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Boxing: Boxing: Humbled Forrest Gets Back to Basics

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posted on Jul, 7 2003 @ 10:44 PM
The Atlanta Journal-Constitution - July 6, 2003

Vero Beach, Fla. --- It is back to sea level for Vernon Forrest, back to a steamy little gym a few blocks from the Atlantic where some of his earliest pro fights were designed.

And back as well to the simplicity of the shaved noggin. Gone are the braids with which the fight crowd was just becoming familiar, shorn with the serious purpose of a farmer reaping his wheat.

It's all about getting back for the former welterweight champion from Atlanta, about reclaiming himself as much as reclaiming any grotesque belt.

"I don't remember," Forrest said when asked the last time he fought without the braids. "I felt like going back in time." Were it only that simple, barbers would rule the world.

"I cut my hair. I came back here to train. I made some small external changes and a lot more internal changes to get back to what made me successful," he said.

"Sometimes," said his co-trainer Ronnie Shields, "you got to check yourself and see where you are. That's what we did."

The new (old) Forrest (35-1) will leave this week for Las Vegas and his Saturday night rematch with the Managua Mauler, Ricardo Mayorga (24-3-1). Many believed the Tampa Bay Bucs would win a Super Bowl before a fighter as skilled as Forrest would give up his title to a brawler such as Mayorga. Actually, that happened the day after Mayorga caught Forrest flush to the temple in the third round and re-ordered the division.

In many ways, Forrest has found keeping his lofty perch in boxing more difficult than gaining it in the first place. He had waited almost a career, and survived every swamp and tiger trap boxing has, just to get his chance to beat Shane Mosley twice. Comes the long-delayed fame and the big HBO deal, and in his very next fight he gets knocked cross-eyed.

First, Forrest had to get Mayorga back into the ring as quickly as possible. Nothing a little money couldn't arrange, Forrest claiming he gave up a million dollars on his end to make it happen. "I wanted this fight. I did everything I had to do to make this fight happen. Seven figures will do it every time," he said.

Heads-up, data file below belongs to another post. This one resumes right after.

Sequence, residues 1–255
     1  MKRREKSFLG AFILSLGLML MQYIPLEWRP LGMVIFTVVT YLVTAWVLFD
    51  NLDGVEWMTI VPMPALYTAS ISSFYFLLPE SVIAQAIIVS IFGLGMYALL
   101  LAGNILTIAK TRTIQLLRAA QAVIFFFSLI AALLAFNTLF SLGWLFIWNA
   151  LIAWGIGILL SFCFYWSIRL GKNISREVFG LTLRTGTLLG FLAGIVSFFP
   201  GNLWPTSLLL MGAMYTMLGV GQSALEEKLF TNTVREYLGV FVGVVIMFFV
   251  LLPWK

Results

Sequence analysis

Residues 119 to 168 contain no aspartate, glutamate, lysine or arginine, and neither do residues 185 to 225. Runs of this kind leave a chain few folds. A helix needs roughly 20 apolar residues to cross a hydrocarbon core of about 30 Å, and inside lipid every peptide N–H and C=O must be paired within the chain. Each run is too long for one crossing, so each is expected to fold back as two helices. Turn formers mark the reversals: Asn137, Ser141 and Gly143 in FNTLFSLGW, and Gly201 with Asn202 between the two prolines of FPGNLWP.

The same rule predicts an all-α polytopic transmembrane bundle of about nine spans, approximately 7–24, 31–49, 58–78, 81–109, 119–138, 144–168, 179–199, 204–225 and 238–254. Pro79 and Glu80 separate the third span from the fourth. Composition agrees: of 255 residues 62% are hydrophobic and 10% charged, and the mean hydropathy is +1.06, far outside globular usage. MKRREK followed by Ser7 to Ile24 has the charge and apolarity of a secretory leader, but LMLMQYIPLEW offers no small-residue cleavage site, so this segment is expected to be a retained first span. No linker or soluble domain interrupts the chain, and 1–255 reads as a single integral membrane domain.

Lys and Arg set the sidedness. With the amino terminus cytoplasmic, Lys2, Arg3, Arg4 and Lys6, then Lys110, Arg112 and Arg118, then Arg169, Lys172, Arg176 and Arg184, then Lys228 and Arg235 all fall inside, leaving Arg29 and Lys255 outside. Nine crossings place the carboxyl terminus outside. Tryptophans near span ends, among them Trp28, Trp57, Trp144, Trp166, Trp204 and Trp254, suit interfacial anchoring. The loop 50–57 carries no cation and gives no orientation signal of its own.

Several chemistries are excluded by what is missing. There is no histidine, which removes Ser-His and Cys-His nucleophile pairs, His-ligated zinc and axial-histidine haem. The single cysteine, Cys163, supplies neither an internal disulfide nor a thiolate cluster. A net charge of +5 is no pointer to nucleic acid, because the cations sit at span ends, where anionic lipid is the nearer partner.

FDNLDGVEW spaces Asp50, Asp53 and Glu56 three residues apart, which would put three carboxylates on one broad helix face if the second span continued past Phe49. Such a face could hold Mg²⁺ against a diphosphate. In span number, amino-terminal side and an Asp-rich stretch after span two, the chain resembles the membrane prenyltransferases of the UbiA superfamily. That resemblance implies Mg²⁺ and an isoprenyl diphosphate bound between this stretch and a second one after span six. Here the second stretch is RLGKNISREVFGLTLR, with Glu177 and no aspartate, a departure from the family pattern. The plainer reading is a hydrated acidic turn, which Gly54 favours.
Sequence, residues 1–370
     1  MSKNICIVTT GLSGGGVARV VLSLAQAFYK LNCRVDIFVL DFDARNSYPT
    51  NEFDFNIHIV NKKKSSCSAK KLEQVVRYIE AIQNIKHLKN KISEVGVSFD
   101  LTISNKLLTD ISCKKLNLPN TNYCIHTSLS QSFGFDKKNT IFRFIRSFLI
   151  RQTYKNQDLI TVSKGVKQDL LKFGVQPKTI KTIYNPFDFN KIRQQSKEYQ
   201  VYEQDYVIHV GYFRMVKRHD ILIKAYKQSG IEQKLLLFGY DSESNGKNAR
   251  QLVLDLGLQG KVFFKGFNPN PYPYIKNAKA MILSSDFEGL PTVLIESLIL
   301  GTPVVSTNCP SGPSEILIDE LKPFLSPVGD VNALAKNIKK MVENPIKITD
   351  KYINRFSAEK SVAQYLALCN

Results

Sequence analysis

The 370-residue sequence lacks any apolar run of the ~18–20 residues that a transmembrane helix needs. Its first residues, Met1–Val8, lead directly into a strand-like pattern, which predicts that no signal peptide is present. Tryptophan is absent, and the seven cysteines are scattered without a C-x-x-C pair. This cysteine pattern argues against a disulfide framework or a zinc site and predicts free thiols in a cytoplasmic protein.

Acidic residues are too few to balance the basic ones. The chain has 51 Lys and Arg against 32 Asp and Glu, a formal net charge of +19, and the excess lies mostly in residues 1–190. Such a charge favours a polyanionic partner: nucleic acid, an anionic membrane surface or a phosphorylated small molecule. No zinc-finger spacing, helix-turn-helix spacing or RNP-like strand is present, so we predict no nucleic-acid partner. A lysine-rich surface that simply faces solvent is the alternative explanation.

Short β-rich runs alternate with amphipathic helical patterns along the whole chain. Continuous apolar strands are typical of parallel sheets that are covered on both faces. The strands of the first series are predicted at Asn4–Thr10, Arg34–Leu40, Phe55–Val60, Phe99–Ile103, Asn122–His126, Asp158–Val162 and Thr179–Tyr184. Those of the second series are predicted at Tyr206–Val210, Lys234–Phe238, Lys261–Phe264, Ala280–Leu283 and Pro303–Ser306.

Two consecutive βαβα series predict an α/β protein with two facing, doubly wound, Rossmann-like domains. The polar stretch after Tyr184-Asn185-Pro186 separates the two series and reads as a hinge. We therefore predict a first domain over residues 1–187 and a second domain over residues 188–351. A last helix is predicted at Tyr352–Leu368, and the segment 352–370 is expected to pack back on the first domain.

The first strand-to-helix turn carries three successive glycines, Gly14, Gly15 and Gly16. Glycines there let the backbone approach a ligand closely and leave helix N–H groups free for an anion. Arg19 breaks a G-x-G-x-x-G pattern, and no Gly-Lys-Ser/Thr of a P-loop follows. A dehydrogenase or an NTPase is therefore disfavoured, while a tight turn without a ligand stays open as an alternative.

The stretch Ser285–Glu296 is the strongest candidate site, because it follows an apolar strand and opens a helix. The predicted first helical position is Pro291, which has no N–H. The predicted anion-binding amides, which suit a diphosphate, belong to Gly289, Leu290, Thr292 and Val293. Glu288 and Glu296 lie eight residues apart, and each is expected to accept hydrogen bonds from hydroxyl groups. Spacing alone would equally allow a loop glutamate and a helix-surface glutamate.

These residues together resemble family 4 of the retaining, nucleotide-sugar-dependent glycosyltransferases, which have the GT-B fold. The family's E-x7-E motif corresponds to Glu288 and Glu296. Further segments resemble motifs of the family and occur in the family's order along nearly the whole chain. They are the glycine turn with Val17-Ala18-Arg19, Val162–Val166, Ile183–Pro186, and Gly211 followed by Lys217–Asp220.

Well, almost everything. What Forrest wouldn't do was sign any kind of long-term agreement with Mayorga's promoter, Don King, to get the rematch. That is historically how King gains control (ask Evander Holyfield), but Forrest refused to become entangled in that web.

"Everybody knows how Don King operates," he said. "Everybody thinks by me getting this fight, I'm going to be a Don King fighter. I'm a Vernon Forrest fighter."

Then, having negotiated those Class Five rapids, there was the challenge of getting himself right to fight. Forrest trained for both Mosley fights at altitude but decided to return to the site of some of his early fond memories. On his way up, Forrest once reported to Vero on just two weeks notice for a fight with Adrian Stone. "Tough fight, but Vernon knocked him out in the 11th round," Shields said. If there was any of that sense of urgency left in the room, Forrest wanted it back.

But it is going to take more than a change in scenery and a new haircut to fix Forrest. He must control the instincts that lured him into trying to brawl with Mayorga instead of box him. Just as he must regain an edge before stepping through the ropes.

As Forrest admits, "With this guy, the concern wasn't there. I never thought this guy was in my same class. I just came off beating the best fighter in the world. It was a psychological letdown. This situation [losing] has brought it all right back up again."

The preparation for this fight has been serious and muted. Forrest skipped one news conference to promote the fight and another teleconference this week. Many assumed it was because he wanted nothing to do with Mayorga and his often outrageous tongue. Instead, Forrest just says, "I'm working."


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